The hashtag (this symbol ---> #) celebrates its 10th Internet anniversary this year but if you’re still struggling to get to grips with it never fear, read on…
What is a Hashtag?
The hashtag is simply a short text-based link preceded by the pound symbol (#) and it was first used in 2007 initially by Twitter developers to group together topics, content or conversations.
Since its initial inception the hashtag has taken on a life of its own and can now be seen on most major social media channels including Twitter, Instagram and Pinterest. You’ll also occasionally see hashtags on Facebook posts but they are less commonly used on the world’s biggest social platform.
Why use Hashtags?
Put simply the correct use of hashtags can increase exposure and put your content in-front of people that would never otherwise come in contact with your brand, business or profile.
Not bad for a little symbol and a piece of text.
As a general rule of thumb social media channels, such as Twitter or Instagram, require users to follow your profile in order to see your tweets, text, image or video posts.
Hashtags allow you and users to bypass this.
When you post a piece of content using the hashtag #NorthernIreland people searching for anything #NorthernIreland related will get the chance to see your post even if they don’t follow your profile!
This is especially great when you’re just starting out, with zero or very few followers, or trying to build a following, as it puts your message and content in front of interested groups of people.
How to Use Hashtags?
For this section we’ll stick to Instagram and Twitter as they’re currently the biggest social media platforms when it comes to hashtag use.
To use hashtags you simply post your tweet (if you’re on Twitter) or image/video (if you’re on Instagram) and type to add hashtags within the text or caption sections of the post. Nothing more complicated than that!
It’s important to note that hashtags:
- Can’t include spaces (So you type #ManchesterUnited rather than #Manchester United)
- Can’t include punctuation
- Can’t include the @ symbol
- Can include numbers
- Can include upper and lower case letters (They don’t make a difference)
Those are literally the only limitations. After that your hashtag can be whatever you want it to be! So you can use #candles if you craft and sell candles or #Elvis if you want to discuss the King.
The possibilities are endless but the skill, when it comes to business use, is finding the right hashtags to increase your exposure and awareness…
Where to Use Hashtags?
As previously stated you can use hashtags on Facebook, as the social media platform first introduced them in 2013, but in reality hashtags are biggest on Twitter, Instagram and Pinterest at the time of writing.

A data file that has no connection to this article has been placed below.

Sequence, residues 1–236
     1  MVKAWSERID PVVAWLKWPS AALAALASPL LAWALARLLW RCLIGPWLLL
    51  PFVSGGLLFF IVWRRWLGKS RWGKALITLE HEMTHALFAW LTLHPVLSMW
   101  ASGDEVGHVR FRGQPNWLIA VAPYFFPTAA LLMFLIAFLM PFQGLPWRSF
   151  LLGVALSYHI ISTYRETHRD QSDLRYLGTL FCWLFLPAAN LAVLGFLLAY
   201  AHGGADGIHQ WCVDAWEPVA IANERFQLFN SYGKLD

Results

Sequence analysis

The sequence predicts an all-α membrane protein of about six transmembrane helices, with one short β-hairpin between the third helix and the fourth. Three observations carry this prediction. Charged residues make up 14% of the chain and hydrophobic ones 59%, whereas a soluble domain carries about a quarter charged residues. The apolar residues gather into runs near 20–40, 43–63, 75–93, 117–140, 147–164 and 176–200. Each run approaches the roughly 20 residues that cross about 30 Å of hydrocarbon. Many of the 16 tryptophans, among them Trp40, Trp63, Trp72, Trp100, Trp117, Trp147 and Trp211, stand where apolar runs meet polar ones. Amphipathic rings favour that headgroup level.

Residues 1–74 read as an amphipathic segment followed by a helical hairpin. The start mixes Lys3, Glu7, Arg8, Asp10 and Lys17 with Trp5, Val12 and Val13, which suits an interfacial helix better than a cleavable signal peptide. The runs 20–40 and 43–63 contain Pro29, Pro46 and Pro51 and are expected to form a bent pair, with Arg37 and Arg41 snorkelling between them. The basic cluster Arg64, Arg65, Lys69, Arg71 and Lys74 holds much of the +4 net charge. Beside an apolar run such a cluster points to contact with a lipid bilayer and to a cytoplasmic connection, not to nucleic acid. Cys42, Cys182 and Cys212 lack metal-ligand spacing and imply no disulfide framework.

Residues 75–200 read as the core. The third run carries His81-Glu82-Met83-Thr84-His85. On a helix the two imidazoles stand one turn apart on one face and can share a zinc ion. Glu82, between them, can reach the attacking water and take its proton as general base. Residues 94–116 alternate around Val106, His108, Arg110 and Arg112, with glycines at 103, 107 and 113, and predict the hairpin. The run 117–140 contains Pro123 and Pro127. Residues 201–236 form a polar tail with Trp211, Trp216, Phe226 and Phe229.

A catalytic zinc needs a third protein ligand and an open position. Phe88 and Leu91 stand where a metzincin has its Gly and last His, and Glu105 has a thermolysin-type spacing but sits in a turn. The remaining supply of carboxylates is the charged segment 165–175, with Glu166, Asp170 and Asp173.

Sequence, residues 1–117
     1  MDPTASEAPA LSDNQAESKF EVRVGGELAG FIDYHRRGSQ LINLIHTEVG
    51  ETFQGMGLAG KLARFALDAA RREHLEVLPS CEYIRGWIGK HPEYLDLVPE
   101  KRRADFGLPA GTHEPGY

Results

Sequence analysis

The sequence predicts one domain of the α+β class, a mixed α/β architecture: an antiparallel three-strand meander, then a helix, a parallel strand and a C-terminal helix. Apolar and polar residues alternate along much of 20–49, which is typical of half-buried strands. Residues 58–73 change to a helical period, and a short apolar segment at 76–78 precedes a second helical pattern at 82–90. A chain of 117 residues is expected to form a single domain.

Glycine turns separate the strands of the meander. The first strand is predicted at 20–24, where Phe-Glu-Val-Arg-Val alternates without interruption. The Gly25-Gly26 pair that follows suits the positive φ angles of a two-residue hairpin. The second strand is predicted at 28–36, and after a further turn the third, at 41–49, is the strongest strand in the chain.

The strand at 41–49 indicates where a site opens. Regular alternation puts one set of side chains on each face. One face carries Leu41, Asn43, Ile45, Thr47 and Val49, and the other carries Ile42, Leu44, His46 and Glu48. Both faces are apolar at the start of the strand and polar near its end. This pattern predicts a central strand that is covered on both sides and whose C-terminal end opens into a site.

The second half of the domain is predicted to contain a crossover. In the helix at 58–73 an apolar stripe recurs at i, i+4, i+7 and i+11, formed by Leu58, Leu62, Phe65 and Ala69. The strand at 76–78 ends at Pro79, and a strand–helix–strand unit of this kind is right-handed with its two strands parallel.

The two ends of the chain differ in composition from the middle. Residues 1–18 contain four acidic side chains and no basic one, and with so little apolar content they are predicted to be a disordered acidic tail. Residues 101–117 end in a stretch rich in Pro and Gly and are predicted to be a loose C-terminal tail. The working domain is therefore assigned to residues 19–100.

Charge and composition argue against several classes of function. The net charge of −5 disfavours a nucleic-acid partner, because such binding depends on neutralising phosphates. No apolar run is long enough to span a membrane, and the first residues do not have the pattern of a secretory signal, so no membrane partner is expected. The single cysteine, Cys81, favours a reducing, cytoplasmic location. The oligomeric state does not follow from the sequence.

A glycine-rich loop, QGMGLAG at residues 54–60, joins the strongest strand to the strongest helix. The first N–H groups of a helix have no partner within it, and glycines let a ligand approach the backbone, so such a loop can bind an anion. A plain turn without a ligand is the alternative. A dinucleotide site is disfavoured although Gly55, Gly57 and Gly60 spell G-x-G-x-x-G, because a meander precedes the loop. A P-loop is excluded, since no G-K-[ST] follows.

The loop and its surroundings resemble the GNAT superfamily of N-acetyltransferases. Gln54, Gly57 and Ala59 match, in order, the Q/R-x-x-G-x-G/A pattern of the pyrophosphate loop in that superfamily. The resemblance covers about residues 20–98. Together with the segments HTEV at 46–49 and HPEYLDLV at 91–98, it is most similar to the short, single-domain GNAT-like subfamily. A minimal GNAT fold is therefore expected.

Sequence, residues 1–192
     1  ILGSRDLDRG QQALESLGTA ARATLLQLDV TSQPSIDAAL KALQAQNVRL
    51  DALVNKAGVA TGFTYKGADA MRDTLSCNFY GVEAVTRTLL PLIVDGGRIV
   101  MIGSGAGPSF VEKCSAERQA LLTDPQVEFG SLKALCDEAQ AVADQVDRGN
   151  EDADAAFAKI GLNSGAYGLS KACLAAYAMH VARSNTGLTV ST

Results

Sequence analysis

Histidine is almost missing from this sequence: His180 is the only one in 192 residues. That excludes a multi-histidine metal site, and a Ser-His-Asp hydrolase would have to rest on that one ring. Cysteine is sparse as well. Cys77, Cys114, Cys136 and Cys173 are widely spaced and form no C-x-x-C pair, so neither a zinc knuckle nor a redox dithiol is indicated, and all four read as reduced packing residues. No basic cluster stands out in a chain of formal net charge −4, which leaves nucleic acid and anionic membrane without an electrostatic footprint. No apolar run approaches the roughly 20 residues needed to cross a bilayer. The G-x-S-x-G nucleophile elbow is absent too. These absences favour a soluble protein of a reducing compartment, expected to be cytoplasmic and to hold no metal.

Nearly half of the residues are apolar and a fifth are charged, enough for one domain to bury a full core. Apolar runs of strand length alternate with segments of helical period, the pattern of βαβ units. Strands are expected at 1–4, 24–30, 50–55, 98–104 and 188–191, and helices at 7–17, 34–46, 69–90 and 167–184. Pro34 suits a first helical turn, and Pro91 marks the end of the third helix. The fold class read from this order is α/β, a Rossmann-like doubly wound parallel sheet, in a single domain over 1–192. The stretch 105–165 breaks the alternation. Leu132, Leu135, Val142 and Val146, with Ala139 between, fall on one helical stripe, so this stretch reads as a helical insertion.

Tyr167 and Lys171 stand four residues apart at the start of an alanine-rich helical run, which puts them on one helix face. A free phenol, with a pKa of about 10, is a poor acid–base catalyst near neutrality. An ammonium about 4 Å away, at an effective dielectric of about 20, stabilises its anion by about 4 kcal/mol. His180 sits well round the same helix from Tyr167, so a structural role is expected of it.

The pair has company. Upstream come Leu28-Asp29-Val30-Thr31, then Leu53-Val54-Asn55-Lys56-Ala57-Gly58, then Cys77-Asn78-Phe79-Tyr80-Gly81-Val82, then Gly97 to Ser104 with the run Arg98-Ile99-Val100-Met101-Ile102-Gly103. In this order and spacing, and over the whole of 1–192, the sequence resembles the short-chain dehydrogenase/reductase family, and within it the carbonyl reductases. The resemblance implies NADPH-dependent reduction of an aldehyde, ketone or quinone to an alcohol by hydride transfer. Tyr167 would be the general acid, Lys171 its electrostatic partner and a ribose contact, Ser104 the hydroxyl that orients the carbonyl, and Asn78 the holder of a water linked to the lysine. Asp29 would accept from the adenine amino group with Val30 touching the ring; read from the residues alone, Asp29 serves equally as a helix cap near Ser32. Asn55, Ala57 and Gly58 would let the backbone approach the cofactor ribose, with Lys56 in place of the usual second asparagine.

When considering which hashtags to use on Twitter you might want to look at the “Trends” section of the app which highlights popular, or widely used, hashtags specific to location.
When using hashtags on Instagram it’s well worth being aware that you can include up to 30 hashtags per post. This can give you the scope to tag everything including your product or service, industry, location and anything else related.
Which Hashtags Should I Use?
As said before hashtags can be anything and everything meaning each brand, business and industry could have completely different hashtags to the next.
To begin with it’s always best to keep things simple and simply hashtag whatever your content is about. So if you’re tweeting about surfing in Northern Ireland you might use #Surfing and #NorthCoast and so on.
When you want to discover more and begin researching which hashtags to use, take a look at competitors within your market to get some basic ideas. After that you might want to push the boat out further and experiment with popular hashtags that don’t necessarily directly match up with your business but could represent a great opportunity.
Should I Create My Own Hashtag?
People create their own hashtags all the time. It’s a daily occurrence worldwide and a quick look at Twitter or Instagram will reveal as much.
Having said that, for businesses lacking the ever-present exposure of the world’s biggest brands (Apple, Coca Cola etc.) it may be better to focus on popular or regularly browsed hashtags rather than inventing new ones.
As ever it’s about experimenting with what works and what doesn’t. You could stumble across a hashtag your followers/customers love.
This is just a brief overview and the best way to learn is to start doing! So get out there and hashtag until you’re an expert!